House Bill may finally modernize the Bank Secrecy Act

With the recent passage of the Economic Growth, Regulatory Relief, and Consumer Protection Act, it isn’t being overly optimistic to think that Congress may pass the most meaningful relief from Bank Secrecy Act regulations. H.R.6068 – The Counter Terrorism and Illicit Finance Act, would update many reporting thresholds that haven’t been updated since the passage […]

With the recent passage of the Economic Growth, Regulatory Relief, and Consumer Protection Act, it isn’t being overly optimistic to think that Congress may pass the most meaningful relief from Bank Secrecy Act regulations. H.R.6068 – The Counter Terrorism and Illicit Finance Act, would update many reporting thresholds that haven’t been updated since the passage of the BSA in 1970, and it would demand Treasury frequently study the impact of these regulations upon the financial sector in relation to the benefits of reporting the data to law enforcement.

The main benefits that this legislation proposes are:

  1. The Currency Transaction Report threshold would increase from $10,000 to $30,000.
  2. The threshold definitions for Money Service Business would increase from $1,000 to $3,000.
  3. To review the filing deadlines of CTRs and SARS, adjusting thresholds for inflation, modification of requirements for continuing activity, the fields within a SAR, and other changes.
  4. To develop regulations that will create a process to apply for no action letter.
  5. To develop separate reports on:
    • Whether Treasury should take back exam authority over BSA issues.
    • How much actionable data is gathered on terrorist vs. non-terrorist cases.
    • The effectiveness of the Beneficial Ownership Rule.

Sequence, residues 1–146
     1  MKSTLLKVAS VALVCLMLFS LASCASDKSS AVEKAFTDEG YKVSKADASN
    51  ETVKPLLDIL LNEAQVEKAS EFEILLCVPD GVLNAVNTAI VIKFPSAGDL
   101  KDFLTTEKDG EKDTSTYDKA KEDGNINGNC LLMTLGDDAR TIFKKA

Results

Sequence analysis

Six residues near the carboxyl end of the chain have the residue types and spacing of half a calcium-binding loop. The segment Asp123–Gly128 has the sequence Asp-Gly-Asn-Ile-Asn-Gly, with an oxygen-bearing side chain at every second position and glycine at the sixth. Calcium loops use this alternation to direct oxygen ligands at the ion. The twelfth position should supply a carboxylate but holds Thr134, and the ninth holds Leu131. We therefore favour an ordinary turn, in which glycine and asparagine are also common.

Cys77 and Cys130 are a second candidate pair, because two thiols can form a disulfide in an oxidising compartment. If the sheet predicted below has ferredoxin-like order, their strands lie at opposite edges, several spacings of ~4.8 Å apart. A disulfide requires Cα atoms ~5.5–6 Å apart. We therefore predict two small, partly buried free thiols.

• The cost-benefit analysis of the whole BSA regulatory regime.
  6. Provides an 18-month safe harbor for compliance with the Customer Due Diligence rule.

While these changes would bring about great cost savings to financial institutions, law enforcement is unlikely to support reforms because it likes granular data produced by these reports and doesn’t have to pay for its collection. Presently, the bill is in the House Financial Services Committee but there is no hearing scheduled on this topic. However, we be vigilant in following the progress and vigorously support the passage of this bill.

Please contact Mike Lee, LSCU director of regulatory advocacy, governmental affairs, for additional details at michael.lee@lscu.coop.

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The League of Southeastern Credit Unions & Affiliates represents 342 credit unions in Alabama, Florida and Georgia, with a combined total of $118.63 billion in assets and more than 10.1 million members. LSCU & Affiliates provides legislative and regulatory advocacy; education and training; cooperative initiatives (including financial education outreach); public messaging; information services; and business solutions.

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